Recording with Chandos for the first time, this album marks the beginning of a new partnership with the Toronto Symphony Orchestra. A regular presence in concert halls throughout the US and Canada, this recording also comes as the TSO embarks, in August, on its first European tour since 2000 under the baton of Peter Oundjian, who this year celebrates his tenth anniversary as Music Director. He also conducts in this performance of Rimsky-Korsakov’s ever-popular symphonic suite Sheherazade.
Many composers have drawn inspiration from the collection of folklore known as the Arabian Nights but none has captured the imagination so vividly as Nikolay Rimsky-Korsakov in Sheherazade, composed in 1888. In the story, Sheherazade escapesRead more the murderous intent of her husband, the Sultan Schariar, by entertaining him with fascinating tales every evening for 1001 nights. Rimsky-Korsakov’s four movements allude to individual episodes and images from the stories in dazzling orchestral colour.
The suite opens with a stern and strident brass theme representing the bloodthirsty Sultan. A winding melody for solo violin that returns throughout the work represents the answering voice of Sheherazade. The kaleidoscopic second movement has the character of a scherzo while the third is tender and lyrical. The finale is a boisterous and exuberant carnival, calmed by the return of Sheherazade’s theme which brings the work to a serene conclusion. -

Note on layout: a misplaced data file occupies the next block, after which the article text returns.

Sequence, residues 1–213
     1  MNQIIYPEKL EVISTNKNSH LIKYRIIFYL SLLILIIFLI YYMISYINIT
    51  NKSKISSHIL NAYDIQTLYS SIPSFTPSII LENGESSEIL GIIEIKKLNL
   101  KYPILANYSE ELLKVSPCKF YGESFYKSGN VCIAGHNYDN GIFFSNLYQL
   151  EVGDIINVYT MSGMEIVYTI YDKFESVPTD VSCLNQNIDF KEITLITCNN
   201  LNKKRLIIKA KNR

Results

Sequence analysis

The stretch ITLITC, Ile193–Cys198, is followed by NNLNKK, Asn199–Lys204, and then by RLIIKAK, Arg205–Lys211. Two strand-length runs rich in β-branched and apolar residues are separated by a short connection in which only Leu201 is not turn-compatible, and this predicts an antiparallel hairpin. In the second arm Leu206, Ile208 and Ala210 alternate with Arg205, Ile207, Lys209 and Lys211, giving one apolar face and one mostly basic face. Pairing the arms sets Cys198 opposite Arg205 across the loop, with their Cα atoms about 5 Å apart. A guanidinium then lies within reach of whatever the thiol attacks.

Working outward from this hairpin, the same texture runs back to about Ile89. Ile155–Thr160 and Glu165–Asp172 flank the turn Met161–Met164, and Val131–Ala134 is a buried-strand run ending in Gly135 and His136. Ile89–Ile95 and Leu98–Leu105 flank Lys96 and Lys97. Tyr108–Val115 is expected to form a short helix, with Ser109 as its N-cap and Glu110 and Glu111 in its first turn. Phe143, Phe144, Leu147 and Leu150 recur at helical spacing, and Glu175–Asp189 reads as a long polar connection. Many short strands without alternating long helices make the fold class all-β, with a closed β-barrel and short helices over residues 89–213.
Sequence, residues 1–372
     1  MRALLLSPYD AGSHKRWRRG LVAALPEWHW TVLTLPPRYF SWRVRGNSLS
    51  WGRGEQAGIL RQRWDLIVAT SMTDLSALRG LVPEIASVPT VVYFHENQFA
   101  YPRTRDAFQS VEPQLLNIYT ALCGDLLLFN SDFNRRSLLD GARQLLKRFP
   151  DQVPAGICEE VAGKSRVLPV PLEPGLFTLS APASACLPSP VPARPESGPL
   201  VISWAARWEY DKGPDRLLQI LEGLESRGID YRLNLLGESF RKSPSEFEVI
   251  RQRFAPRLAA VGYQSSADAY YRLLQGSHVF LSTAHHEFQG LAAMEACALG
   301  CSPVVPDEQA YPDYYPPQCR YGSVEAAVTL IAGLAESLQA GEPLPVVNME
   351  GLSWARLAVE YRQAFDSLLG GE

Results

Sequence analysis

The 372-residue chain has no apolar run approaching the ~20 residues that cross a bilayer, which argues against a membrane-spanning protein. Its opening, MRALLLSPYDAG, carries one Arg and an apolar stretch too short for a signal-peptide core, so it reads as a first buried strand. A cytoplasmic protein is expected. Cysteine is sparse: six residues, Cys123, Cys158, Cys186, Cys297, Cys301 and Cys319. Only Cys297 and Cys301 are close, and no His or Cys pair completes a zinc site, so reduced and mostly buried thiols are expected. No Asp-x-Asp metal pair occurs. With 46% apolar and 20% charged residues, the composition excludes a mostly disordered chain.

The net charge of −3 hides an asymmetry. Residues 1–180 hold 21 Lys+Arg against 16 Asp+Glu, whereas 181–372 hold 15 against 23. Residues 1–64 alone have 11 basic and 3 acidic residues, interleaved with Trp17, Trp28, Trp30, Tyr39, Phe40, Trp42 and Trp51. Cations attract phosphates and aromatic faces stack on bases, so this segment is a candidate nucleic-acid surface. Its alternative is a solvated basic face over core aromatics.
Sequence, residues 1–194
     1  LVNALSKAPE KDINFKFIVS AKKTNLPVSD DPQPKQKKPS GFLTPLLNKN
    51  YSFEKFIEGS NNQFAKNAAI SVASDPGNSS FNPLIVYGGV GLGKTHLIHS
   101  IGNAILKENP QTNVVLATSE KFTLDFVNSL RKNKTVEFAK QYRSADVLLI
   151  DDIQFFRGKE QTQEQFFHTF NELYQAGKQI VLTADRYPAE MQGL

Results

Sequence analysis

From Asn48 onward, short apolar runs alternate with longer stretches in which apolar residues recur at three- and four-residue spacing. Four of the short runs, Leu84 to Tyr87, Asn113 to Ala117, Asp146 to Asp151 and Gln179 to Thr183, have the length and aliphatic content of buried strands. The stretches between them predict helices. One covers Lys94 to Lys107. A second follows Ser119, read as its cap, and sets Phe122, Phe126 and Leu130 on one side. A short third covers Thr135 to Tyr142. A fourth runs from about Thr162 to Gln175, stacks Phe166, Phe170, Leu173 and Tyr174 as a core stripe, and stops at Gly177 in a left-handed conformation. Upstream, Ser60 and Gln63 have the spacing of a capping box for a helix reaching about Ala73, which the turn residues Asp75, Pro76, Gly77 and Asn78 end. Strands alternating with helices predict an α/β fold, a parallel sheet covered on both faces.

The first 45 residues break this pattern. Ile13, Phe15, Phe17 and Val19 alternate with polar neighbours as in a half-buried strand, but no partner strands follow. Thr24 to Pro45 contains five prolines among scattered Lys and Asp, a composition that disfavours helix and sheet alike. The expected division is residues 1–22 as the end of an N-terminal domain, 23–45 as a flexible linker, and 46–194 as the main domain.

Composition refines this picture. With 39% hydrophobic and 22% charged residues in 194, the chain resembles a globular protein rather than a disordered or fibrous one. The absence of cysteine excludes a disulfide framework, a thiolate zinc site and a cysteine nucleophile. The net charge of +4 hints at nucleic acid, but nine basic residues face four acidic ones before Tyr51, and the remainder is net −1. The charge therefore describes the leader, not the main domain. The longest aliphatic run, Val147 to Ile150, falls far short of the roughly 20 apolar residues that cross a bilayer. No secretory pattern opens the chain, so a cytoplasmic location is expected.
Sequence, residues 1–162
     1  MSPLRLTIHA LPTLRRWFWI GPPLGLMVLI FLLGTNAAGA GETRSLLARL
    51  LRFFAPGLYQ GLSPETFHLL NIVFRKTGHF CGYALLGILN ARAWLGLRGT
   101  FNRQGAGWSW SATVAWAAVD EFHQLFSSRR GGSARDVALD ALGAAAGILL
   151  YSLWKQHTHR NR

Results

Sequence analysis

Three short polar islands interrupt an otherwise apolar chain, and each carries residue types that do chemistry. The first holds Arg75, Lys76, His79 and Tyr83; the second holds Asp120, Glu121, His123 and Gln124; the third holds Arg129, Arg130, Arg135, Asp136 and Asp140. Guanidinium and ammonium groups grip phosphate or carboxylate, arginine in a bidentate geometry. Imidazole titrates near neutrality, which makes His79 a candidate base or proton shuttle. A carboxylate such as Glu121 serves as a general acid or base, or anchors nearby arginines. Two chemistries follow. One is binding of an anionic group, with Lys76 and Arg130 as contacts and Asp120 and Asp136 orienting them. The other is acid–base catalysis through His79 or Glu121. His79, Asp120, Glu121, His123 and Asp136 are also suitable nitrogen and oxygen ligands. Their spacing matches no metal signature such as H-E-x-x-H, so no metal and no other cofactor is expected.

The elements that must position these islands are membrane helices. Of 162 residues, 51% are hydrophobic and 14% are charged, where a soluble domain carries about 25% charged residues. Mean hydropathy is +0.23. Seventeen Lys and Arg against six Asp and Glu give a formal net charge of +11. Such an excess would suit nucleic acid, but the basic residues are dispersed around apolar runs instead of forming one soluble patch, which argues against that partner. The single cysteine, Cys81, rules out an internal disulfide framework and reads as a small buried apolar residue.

"Both conductor and orchestra make a very positive impression in Sheherazade. Oundjian shapes the music with passion and affection and pulls off some powerful climaxes. He is not afraid to go all out when the music requires it. But Oundjian is also a man who attends to details. The precision of the playing is first-class.
Rimsky’s score abounds in virtuoso opportunities for principle players in the orchestra and it is a joy to hear the TSO musicians show off. It is the concertmaster who gets the most opportunities and Jonathan Crow clearly demonstrates why he is such an asset to the orchestra..." - Paul E. Robinson,
Scheherazade, Op. 35by Nikolai Rimsky-Korsakov Performer:
Jonathan Crow (Violin)
Toronto Symphony Orchestra
Period: Romantic Written: 1888; Russia Date of Recording: 06/2013 Venue: Live Roy Thomson Hall, Toronto, Ontario, Cana Length: 45 Minutes 18 Secs.
Scheherazade, Op. 35: I. The Sea and Sinbad's Ship -
Scheherazade, Op. 35: II. The Kalender Prince -
Scheherazade, Op. 35: III. The Young Prince and the Young Princess -
Scheherazade, Op. 35: IV. Festival at Baghdad - The Sea - The Shipwreck
Average Customer Review: ( 2 Customer Reviews )